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What is the smallest positive integer N, such that the digit sum of N and N+1 are both divisible by 19?

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    $\begingroup$ Are you asking about digit sum (N) + digit sum (N+1) being divisible by 19, or the digit sums of N and N+1 each being divisible by 19? $\endgroup$ Jan 13 at 21:10
  • $\begingroup$ @Punintended The wording is ambiguous. It should be "the digit sums of N and N+1 are both divisible by 19" else it's too simple. $\endgroup$
    – xhienne
    Jan 13 at 21:18
  • $\begingroup$ @xhienne I figured that was the case, but Glorfindel beat me to the answer so I was hoping it was the latter ;P $\endgroup$ Jan 13 at 21:25
  • $\begingroup$ Thanks for the hint of the wording, I corrected it! $\endgroup$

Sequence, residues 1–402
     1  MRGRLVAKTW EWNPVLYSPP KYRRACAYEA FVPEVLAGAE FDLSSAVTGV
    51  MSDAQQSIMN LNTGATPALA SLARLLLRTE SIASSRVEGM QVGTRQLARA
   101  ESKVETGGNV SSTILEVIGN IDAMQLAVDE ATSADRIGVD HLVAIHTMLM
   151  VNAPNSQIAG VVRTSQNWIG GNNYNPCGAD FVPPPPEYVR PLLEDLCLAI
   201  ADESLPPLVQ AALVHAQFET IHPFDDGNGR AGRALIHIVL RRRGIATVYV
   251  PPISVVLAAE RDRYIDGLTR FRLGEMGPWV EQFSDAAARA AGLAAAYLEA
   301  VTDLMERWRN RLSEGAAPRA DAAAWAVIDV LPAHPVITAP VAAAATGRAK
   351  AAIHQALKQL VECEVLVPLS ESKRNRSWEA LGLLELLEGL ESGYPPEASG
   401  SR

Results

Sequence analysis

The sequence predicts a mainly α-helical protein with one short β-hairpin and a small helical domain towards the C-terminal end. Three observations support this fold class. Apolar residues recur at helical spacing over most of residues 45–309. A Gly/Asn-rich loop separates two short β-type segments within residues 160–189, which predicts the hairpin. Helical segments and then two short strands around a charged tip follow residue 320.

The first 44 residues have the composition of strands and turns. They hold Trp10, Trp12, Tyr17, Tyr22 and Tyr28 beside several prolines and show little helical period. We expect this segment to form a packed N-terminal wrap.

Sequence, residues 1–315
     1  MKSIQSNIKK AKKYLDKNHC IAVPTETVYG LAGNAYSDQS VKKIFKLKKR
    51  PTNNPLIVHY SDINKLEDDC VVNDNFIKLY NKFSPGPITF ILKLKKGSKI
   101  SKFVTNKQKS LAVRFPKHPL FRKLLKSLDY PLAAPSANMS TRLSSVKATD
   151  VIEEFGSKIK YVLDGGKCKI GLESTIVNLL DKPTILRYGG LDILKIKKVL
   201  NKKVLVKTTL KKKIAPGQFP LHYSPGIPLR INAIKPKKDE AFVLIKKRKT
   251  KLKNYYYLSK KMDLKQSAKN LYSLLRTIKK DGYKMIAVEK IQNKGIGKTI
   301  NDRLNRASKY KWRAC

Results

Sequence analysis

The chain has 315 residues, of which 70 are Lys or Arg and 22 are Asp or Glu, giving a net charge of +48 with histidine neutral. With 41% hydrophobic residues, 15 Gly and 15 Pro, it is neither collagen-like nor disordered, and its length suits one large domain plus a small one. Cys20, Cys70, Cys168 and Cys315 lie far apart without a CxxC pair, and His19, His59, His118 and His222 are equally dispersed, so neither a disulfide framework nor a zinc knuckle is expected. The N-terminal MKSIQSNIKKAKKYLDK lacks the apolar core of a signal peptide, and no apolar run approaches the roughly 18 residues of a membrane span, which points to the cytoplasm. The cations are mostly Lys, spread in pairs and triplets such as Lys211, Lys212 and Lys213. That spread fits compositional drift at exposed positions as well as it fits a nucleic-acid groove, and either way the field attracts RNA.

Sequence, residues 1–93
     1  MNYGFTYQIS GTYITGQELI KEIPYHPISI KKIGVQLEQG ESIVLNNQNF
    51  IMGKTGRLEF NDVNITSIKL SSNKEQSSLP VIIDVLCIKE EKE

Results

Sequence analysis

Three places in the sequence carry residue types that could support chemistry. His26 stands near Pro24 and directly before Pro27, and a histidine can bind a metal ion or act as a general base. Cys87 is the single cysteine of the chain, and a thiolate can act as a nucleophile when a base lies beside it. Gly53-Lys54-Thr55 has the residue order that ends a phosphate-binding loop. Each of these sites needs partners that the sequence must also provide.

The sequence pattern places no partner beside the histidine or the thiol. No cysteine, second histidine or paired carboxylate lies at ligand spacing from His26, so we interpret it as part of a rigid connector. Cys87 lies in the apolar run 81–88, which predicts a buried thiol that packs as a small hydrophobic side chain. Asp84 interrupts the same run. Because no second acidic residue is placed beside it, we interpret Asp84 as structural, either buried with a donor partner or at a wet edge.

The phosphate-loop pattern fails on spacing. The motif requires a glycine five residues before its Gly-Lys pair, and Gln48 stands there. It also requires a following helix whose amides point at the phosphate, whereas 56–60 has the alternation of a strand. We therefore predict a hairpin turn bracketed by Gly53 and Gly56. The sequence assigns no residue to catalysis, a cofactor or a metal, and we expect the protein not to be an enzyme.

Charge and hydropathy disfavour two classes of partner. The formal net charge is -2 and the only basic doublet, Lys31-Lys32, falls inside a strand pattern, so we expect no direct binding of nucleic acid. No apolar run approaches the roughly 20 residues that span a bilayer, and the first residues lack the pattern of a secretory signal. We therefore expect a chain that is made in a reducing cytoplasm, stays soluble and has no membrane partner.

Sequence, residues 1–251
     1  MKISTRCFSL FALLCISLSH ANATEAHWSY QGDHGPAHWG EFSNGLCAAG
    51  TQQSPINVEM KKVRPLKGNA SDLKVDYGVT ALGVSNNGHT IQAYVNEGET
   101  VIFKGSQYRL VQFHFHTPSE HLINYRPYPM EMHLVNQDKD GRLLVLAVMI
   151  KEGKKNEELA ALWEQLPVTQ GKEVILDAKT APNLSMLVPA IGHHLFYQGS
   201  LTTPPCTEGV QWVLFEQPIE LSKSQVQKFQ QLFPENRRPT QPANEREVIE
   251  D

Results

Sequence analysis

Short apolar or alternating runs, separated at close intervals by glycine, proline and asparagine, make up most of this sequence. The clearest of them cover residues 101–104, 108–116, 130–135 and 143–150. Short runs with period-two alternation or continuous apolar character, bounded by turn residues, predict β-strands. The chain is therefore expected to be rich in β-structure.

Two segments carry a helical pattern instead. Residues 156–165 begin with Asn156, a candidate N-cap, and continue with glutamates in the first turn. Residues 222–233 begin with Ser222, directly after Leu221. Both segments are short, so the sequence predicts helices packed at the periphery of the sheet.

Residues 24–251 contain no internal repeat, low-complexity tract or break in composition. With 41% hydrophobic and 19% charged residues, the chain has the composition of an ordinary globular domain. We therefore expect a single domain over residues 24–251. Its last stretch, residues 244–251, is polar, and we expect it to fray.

– ThomasL
    Jan 13 at 22:23
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I think it is

$N = 199 \cdot 10^{17} - 1 = 1989999999999999999999$ (digit sum 171 = 9 * 19)
$N + 1 = 199 \cdot 10^{17} = 1990000000000000000000$ (digit sum 19)

Reasoning:

The number $N$ ends in $n$ nines, where $n \ge 0$. The difference between the digit sum of $N + 1$ and $N$ is $1 - 9n$. Both digit sums are divisible by $19$, so their difference must be as well. The smallest $n$ for which $1 - 9n$ is divisible by $19$ is $n = 17$, so $N$ must end in $17$ nines, for a digit sum of $153$. The next multiple of $19$ is $171$, so the remaining digits of $N$ must add up to $171 - 153 = 18$. Two nines is not possible, since the number must end in $17$ nines, not $19$. The next number that qualifies is $198$.

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